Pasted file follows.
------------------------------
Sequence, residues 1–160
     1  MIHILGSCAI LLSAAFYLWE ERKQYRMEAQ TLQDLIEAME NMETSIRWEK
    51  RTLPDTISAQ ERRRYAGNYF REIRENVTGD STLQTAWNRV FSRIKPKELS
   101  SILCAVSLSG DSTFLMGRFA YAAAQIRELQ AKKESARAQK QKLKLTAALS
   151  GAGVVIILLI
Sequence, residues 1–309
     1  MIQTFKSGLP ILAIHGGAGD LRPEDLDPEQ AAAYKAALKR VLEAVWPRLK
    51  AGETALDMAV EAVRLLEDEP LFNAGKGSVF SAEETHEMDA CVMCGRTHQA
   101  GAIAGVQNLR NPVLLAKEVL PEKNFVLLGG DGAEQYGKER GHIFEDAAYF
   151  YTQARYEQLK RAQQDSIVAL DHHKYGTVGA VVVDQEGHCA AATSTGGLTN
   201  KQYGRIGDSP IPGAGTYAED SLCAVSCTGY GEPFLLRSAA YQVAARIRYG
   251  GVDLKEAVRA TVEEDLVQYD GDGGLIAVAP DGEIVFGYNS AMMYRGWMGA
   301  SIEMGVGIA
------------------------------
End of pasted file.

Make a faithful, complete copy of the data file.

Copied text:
Sequence, residues 1–160
     1  MIHILGSCAI LLSAAFYLWE ERKQYRMEAQ TLQDLIEAME NMETSIRWEK
    51  RTLPDTISAQ ERRRYAGNYF REIRENVTGD STLQTAWNRV FSRIKPKELS
   101  SILCAVSLSG DSTFLMGRFA YAAAQIRELQ AKKESARAQK QKLKLTAALS
   151  GAGVVIILLI
Sequence, residues 1–309
     1  MIQTFKSGLP ILAIHGGAGD LRPEDLDPEQ AAAYKAALKR VLEAVWPRLK
    51  AGETALDMAV EAVRLLEDEP LFNAGKGSVF SAEETHEMDA CVMCGRTHQA
   101  GAIAGVQNLR NPVLLAKEVL PEKNFVLLGG DGAEQYGKER GHIFEDAAYF
   151  YTQARYEQLK RAQQDSIVAL DHHKYGTVGA VVVDQEGHCA AATSTGGLTN
   201  KQYGRIGDSP IPGAGTYAED SLCAVSCTGY GEPFLLRSAA YQVAARIRYG
   251  GVDLKEAVRA TVEEDLVQYD GDGGLIAVAP DGEIVFGYNS AMMYRGWMGA
   301  SIEMGVGIA